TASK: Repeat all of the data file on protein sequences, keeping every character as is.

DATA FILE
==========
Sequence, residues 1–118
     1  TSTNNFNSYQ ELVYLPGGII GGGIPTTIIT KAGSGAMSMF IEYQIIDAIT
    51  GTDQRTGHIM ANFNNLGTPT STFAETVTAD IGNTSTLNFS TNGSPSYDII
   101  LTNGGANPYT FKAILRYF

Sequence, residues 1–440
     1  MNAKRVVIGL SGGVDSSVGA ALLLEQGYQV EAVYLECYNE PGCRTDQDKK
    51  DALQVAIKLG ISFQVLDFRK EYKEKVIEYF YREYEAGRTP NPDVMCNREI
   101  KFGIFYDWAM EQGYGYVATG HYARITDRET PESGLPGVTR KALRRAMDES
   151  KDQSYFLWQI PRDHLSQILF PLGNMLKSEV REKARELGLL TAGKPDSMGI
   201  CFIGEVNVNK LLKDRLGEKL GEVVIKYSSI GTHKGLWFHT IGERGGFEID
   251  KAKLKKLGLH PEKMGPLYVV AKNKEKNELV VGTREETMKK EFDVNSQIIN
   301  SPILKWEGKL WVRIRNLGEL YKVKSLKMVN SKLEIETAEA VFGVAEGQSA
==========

Sequence, residues 1–118
     1  TSTNNFNSYQ ELVYLPGGII GGGIPTTIIT KAGSGAMSMF IEYQIIDAIT
    51  GTDQRTGHIM ANFNNLGTPT STFAETVTAD IGNTSTLNFS TNGSPSYDII
   101  LTNGGANPYT FKAILRYF

Sequence, residues 1–440
     1  MNAKRVVIGL SGGVDSSVGA ALLLEQGYQV EAVYLECYNE PGCRTDQDKK
    51  DALQVAIKLG ISFQVLDFRK EYKEKVIEYF YREYEAGRTP NPDVMCNREI
   101  KFGIFYDWAM EQGYGYVATG HYARITDRET PESGLPGVTR KALRRAMDES
   151  KDQSYFLWQI PRDHLSQILF PLGNMLKSEV REKARELGLL TAGKPDSMGI
   201  CFIGEVNVNK LLKDRLGEKL GEVVIKYSSI GTHKGLWFHT IGERGGFEID
   251  KAKLKKLGLH PEKMGPLYVV AKNKEKNELV VGTREETMKK EFDVNSQIIN
   301  SPILKWEGKL WVRIRNLGEL YKVKSLKMVN SKLEIETAEA VFGVAEGQSA